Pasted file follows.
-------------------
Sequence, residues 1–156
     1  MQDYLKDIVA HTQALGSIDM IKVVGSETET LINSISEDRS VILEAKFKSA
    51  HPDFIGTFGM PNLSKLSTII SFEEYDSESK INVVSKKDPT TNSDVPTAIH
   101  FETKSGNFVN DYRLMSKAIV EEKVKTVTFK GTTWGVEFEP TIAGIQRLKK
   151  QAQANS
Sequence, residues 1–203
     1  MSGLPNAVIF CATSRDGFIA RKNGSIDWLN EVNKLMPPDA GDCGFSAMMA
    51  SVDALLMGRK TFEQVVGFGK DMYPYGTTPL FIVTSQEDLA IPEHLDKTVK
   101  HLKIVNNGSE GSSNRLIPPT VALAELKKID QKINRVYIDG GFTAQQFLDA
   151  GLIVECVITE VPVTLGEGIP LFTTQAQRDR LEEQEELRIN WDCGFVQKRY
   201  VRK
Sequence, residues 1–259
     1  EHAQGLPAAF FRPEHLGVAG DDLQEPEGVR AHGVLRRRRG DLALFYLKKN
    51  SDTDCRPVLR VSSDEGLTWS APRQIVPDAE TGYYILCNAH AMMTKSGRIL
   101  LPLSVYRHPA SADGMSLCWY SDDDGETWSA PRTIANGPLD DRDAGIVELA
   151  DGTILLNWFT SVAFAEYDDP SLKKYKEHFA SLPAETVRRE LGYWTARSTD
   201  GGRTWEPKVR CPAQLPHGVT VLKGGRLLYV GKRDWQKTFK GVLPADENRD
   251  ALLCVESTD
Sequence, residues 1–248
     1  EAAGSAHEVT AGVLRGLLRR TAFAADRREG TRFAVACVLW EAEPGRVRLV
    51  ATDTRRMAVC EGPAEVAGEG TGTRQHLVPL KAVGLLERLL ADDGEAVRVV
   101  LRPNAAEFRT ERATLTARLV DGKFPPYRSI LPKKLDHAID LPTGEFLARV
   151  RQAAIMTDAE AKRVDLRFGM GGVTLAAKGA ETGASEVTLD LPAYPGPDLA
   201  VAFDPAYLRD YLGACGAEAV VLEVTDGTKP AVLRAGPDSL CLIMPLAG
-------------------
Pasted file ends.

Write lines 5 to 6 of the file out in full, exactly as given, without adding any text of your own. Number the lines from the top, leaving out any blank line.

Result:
   151  QAQANS
Sequence, residues 1–203